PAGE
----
"Yes. Thomas is back by around five and I'm only here at Downton Wednesday evenings. I know he would really like to see you."
"Around seven, then?"
"I'll let him know. He likes to fuss and he would be upset if I sprung this on him."
Jimmy looked at the clock.
"I must go. Some bits of furniture to move so the maids can clean. It's wonderful to see you again, Your Lor .... George."
George watched after him as he headed down the hallway. Dear Jimmy. Friends indeed. He found out about them quite by accident. Home on a break from Eton when he was seventeen he had set about exploring the house once again. There were so many rooms he liked, each so different that entering each was like entering a new world. He was turning the corner on the second floor when he heard something from an open door. Doors weren't usually left open unless the room was being aired out when someone was expected. Besides, no one uses this section anymore. He glanced in and caught their reflection in a mirror. Thomas's arms were around Jimmy and they were kissing. At first he wasn't sure if it was just a trick that the light was playing with the mirror so he moved closer to the door. It was no trick.
George was far from naïve; he was at Eton, after all. Still this shocked him. How long has this been going on? I never suspected. They had obviously been careful. He supposed they thought they were alone since they were in one of the deserted areas of the house. Should I say something? Should I tell someone? This is illegal. He continued to watch, feeling somewhat guilty to be intruding on what was meant to be private, until they broke away to just rest their foreheads together. They were speaking quietly but he still overheard.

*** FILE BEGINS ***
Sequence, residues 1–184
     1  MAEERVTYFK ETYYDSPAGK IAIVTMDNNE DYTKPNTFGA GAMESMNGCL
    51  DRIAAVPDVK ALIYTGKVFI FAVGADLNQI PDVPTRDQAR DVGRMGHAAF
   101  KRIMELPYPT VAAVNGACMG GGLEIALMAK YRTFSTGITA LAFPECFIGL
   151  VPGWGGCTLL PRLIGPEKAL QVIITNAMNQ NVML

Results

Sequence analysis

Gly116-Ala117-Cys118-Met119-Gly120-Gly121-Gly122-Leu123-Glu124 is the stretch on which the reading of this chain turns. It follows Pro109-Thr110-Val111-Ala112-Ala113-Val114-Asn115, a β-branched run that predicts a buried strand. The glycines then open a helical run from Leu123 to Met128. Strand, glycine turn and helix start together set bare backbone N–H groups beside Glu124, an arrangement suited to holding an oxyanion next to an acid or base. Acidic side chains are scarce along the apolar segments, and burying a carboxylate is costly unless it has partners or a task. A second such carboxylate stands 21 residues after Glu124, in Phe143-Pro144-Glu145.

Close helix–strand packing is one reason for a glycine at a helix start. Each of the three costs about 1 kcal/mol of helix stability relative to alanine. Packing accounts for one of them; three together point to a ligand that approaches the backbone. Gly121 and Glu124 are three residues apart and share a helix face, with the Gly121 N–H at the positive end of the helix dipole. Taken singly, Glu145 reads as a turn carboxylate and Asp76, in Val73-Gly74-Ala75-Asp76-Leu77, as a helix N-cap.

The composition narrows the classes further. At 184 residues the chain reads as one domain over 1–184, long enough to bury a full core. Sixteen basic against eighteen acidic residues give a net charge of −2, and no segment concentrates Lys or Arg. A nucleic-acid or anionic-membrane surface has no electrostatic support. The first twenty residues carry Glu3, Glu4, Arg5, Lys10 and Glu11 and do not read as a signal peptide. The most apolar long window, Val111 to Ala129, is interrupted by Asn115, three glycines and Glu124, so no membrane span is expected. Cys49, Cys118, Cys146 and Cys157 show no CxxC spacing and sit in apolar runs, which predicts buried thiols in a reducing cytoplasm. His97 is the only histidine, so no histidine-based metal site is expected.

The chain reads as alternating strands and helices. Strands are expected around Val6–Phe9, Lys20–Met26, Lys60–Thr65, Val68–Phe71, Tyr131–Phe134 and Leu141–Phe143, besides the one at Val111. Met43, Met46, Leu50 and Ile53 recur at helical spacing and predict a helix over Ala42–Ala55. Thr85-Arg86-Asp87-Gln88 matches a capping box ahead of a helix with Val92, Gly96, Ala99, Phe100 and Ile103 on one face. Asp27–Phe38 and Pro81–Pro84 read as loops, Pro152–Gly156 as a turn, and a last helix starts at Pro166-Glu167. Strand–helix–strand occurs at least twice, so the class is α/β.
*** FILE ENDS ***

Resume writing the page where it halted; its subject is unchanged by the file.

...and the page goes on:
"I don't know what I'm going to do, Jimmy. No job. I know I'm not the only one, but still."
Jimmy pulled him down to sit on the bed, holding his hand.
"We'll manage. We always have. I'm still here and working. I don't need a lot of money. We can share until you get on your feet. You got two months' pay and they found you a room in the village to live. That's a help."
"Yes, but what skills do I have to offer. I'm almost fifty and all I've done is wait on someone or help them change their clothes. Besides, what's in the village? A few shops and a pub."
"That new bookstore? You like to read."
"That hardly qualifies me."
Jimmy kissed his hand.
"You'll find something. I know it. We haven't spent the last sixteen years together just to lose each other now."
George suddenly realised how embarrassing this was and crept away. He had been listening to intimate details of their lives, details he never would have imagined, details that spoke of love and devotion much more than friendship. They were still Jimmy and Tommy, nothing would change that. What right did he have to interfere.
Thinking back on it now, he realised he had made the right decision. He got up and went in search of a good bottle of wine for tomorrow night.
~~ End ~~
The title comes from the full title of the iconic WWII song of peace and hope, "(There'll Be Bluebirds Over) The White Cliffs of Dover" sung most notably by Vera Lynn in her 1942 recording.